Inspired by the life I’d just documented, I created my own young artist, Henry J. Kapler, placing him in the heart of the world I’d uncovered in my research.  Buoyed by further research and honed by an endless succession of drafts, Artist, Soldier, Lover, Muse (Apple Ridge Fine Arts Press, December, 2017) was ready for publication.

Henry J. Kapler is not Harold Rabinovitz, although their lives share a number of salient facts, a common timeline, and even some of the same artworks.  Henry is a figment of my imagination, as are his thoughts, desires, motivations, quirks, and foibles.  Beyond this, I sought to portray the world in which Henry resides, the New York art world of the late Depression, including the artists, athletes, politicians, events, and institutions that contributed to the rich history of the period, with as much historical accuracy as possible. 

In tackling historical fiction, one often uncovers little known characters and facts that prove the adage of Mark Twain that truth is stranger than fiction.  In seeking a villain, an author could have done no better than New York Yankee outfielder Jake Powell, whose on-field belligerence was the perfect resume for his violent encounters with Alice and Fiona, the two women in Henry’s life, and whose ill-fated radio interview in 1939 and the events that followed are little-known footnotes in the shameful history of segregation in professional sport.   Similarly, the saga of “Bunny” Taliaferro, the gifted African-American athlete from Henry’s hometown of Springfield, Massachusetts and target of a 1934 racial incident in Gastonia, North Carolina, seemed a natural inspiration for Henry’s imaginary masterpiece, Gastonia Renaissance.

Scores of artworks make at least a cameo appearance in Artist, Soldier, Lover, Muse.  Paintings by artists other than Henry Kapler are works that might have been seen by a young artist in New York City at the time.  Some are monumental murals that still adorn important buildings in New York.  The paintings attributed to Henry are about evenly divided between purely fictional creations and works painted by Harold Rabinovitz, although the inspiration behind all of Henry’s paintings, as well as the details of their creation, derive solely from my own imagination.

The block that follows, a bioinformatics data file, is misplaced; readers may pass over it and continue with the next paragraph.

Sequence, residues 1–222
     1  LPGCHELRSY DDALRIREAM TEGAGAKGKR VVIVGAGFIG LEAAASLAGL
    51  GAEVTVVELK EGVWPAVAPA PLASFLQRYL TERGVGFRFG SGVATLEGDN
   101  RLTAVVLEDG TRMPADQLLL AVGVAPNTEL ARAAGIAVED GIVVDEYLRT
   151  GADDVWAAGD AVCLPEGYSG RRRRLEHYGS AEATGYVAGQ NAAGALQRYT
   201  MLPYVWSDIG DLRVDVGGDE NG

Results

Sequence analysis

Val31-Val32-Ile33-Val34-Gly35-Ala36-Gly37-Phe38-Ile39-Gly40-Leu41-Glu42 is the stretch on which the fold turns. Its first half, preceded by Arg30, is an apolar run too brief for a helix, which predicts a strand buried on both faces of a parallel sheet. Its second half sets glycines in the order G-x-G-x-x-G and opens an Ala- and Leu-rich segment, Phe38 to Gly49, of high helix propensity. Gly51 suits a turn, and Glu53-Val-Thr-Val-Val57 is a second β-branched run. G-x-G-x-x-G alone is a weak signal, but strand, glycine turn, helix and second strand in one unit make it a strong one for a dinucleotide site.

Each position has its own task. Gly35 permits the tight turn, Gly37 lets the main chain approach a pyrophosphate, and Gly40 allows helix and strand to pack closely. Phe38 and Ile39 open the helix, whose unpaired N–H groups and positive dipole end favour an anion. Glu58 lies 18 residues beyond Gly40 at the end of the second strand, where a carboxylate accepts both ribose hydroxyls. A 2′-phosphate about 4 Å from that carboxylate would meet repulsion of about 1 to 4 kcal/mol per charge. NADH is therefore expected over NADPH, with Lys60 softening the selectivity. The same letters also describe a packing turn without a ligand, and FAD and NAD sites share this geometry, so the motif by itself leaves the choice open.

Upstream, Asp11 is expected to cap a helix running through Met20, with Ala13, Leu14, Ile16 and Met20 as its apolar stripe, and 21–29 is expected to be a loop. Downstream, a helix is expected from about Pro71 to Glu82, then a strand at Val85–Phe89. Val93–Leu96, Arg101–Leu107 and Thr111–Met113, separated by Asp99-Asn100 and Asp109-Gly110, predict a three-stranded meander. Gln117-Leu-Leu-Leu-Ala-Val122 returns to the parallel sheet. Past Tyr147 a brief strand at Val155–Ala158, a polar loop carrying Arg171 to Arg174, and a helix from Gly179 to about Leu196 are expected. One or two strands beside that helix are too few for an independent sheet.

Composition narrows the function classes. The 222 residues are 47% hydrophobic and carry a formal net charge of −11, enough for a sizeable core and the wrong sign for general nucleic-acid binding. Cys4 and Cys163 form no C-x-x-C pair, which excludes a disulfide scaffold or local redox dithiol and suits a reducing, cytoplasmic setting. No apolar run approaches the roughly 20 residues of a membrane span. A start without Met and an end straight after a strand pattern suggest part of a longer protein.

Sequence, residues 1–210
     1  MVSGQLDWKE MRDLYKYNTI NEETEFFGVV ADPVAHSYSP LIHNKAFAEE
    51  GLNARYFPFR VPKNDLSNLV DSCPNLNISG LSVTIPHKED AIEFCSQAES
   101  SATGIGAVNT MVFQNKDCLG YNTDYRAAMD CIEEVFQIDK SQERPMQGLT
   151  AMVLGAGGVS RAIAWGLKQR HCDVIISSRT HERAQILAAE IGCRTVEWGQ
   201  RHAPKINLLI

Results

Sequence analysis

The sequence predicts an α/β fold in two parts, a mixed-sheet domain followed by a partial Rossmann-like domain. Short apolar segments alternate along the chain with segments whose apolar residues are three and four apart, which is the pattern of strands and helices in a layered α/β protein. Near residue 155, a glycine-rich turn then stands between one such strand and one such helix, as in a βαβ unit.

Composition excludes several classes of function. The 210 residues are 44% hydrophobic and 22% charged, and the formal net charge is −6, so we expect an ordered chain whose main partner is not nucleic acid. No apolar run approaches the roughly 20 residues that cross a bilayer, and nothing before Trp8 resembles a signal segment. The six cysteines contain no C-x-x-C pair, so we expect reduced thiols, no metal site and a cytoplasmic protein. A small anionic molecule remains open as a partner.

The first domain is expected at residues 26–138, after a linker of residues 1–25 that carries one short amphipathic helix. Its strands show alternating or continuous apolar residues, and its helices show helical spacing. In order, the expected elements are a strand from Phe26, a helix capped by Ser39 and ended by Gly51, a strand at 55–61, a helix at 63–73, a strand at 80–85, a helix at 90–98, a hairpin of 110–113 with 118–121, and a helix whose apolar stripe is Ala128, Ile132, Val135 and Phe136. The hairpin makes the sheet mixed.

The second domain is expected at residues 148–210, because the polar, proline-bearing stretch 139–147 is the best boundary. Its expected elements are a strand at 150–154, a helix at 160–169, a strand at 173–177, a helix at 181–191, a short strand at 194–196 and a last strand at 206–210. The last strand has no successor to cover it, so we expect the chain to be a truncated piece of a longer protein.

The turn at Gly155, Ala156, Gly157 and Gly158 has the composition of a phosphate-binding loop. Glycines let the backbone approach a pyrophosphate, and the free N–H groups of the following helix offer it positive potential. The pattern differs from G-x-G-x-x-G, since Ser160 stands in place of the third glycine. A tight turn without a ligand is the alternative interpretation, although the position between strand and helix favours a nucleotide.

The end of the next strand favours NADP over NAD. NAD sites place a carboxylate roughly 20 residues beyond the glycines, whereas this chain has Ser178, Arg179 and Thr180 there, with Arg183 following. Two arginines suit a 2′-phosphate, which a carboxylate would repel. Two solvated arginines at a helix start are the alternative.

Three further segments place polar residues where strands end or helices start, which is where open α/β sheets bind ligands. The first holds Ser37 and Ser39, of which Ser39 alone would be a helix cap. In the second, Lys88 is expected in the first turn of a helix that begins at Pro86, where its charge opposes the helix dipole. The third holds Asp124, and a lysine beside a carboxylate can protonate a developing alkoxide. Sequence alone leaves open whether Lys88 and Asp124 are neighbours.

As many writers of historic fiction will attest, it is a delight to experience the will of the characters we create.  They gradually assume their own personalities, dictating their actions in ways that are often serendipitous.  Artist, Soldier, Lover, Muse became their story, and the journey on which they took me was gratifying, mystifying, illuminating and, at times, heartbreaking.   I invite you to share the journey.


About the Author:

ARTHUR D. HITTNER, author of the historical novel Artist, Soldier, Lover, Muse, is also the author of Honus Wagner: The Life of Baseball's 'Flying Dutchman' (McFarland, 1996), winner of the Seymour Medal awarded by the Society of American Baseball Research for the best book of baseball history or biography published in 1996; At the Threshold of Brilliance:The Brief but Splendid Career of Harold J. Rabinovitz (The Rabinovitz Project, 2014), a biography and catalogue raisonne of a newly rediscovered master of American art of the Depression era; and the irreverent travelogue, Cross-Country Chronicles: Road Trips Through the Art and Soul of America. Mr. Hittner has also written about fine art subjects for Maine Antique Digest, Fine Art Connoisseur and Antiques & Fine Art and has served as a Trustee of the Danforth Museum of Art and the Tucson Museum of Art. For more information, visit his author website, www.hittnerbooks.com.